Terra Labs and Luna Guard commission audits to defend themselves against claims of financial mismanagement
November 17, 2022 5:20 AM
Nothing improper was discovered during the audit, which monitored attempts to maintain the UST peg from May 8–12. LFG made inferences from the facts concerning the frozen funds.
Between May 8 and 12, the Luna Foundation Guard (LFG) and Terraform Labs (TFL) commissioned a technical examination of their attempts to preserve the price of TerraUSD (UST), which has subsequently been rebranded TerraUSD Classic (USTC). According to the LFG blog, the audit was conducted to address "allegations raised in social media" about the whereabouts of money moved during efforts to protect the UST dollar peg.
Keeping the UST peg in place cost LFG $49.8 million in stablecoins and 80,081 Bitcoin(BTC), according to the audit. That matched what LFG had tweeted on May 16th, so it was all good. To protect the peg, TFL also paid $613 million. JS Held, a firm based in the United States, did the audit.
According to LFG's analysis of the audit's findings, the company's resources were not improperly utilised and no insiders benefited financially. It was also said by LFG that the audit proved that "all LFG money are stored in self-hosted wallets, have not moved since the May 16th tweet, and have not been frozen."
The conclusion is not supported by the text, but it is nevertheless intriguing in light of a May 23 request by South Korean police that exchanges freeze cash related to LFG. On the 15th of September, South Korean authorities had 3,313 Bitcoins frozen after they were moved from a wallet set up in the name of LFG.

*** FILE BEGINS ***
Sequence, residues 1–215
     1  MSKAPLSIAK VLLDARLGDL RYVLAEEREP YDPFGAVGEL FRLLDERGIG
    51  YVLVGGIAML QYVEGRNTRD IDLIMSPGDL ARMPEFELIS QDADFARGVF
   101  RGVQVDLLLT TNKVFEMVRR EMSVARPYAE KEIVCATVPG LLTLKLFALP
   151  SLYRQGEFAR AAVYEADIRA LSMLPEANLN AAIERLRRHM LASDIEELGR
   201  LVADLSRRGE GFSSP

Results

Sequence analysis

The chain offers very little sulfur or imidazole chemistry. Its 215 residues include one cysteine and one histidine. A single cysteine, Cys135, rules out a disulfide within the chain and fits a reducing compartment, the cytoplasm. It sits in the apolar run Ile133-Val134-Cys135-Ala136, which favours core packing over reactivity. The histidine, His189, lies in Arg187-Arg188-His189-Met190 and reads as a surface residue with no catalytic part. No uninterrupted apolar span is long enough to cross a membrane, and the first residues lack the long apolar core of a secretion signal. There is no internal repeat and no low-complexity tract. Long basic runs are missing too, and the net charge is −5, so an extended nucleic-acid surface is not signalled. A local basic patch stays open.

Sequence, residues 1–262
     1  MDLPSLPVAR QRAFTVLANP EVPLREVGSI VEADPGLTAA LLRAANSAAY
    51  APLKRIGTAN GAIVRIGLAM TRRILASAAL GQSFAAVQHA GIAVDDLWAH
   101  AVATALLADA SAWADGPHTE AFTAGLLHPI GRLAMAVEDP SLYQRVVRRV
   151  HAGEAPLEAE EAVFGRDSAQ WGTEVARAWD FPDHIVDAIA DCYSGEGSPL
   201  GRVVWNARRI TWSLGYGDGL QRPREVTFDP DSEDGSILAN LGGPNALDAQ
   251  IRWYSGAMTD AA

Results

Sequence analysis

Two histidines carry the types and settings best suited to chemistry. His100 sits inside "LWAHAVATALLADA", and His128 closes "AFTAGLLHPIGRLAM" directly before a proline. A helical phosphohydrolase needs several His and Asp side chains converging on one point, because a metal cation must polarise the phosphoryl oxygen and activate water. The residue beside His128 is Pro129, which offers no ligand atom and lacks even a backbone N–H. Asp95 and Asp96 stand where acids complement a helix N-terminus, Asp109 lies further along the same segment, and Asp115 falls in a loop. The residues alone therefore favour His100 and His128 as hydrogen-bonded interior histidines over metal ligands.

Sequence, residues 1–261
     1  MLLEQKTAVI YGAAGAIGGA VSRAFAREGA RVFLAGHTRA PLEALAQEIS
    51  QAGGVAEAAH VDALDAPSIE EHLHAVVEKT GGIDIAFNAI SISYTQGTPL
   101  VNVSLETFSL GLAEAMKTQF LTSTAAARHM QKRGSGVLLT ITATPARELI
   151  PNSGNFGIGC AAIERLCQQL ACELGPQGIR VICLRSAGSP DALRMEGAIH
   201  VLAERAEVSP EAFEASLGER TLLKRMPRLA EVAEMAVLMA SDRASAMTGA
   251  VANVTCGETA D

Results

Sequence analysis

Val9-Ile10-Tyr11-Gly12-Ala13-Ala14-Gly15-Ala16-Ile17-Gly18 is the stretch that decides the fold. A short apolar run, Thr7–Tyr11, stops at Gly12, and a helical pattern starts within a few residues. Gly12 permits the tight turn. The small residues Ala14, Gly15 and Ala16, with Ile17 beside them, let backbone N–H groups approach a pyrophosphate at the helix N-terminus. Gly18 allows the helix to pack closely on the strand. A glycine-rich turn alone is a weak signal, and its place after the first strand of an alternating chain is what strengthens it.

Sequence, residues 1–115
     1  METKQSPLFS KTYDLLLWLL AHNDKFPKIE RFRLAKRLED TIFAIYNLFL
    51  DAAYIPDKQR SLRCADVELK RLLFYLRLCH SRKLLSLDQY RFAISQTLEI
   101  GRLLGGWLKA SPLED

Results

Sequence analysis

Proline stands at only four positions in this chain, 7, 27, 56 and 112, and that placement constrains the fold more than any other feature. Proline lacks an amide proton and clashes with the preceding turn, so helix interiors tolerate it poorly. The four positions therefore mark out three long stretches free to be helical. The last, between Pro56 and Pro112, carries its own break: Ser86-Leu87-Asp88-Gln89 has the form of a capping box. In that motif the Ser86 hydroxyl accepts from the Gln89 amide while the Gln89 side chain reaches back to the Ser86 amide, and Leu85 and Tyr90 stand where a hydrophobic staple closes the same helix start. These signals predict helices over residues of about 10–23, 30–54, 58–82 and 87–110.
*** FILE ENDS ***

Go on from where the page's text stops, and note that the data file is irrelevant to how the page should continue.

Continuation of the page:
Do Kwon, founder of Terraform Labs and the subject of criminal accusations in South Korea, has been quoted on the LFG blog as saying:
"It is critical to distinguish between Terra's example, in which a transparent, open-source decentralized stablecoin failed to preserve peg parity and its founders spent proprietary capital to defend it, and the failure of centralized custodial systems, in which its operators misappropriated other people's money (client funds) for financial gain."
Kwon apologized to everyone who had lost money at UST in the Twitter thread reporting the audit. The system was open and accessible to anyone who wanted to look at the code, but as the developer, I should have been more aware of the potential dangers and done a better job of warning others.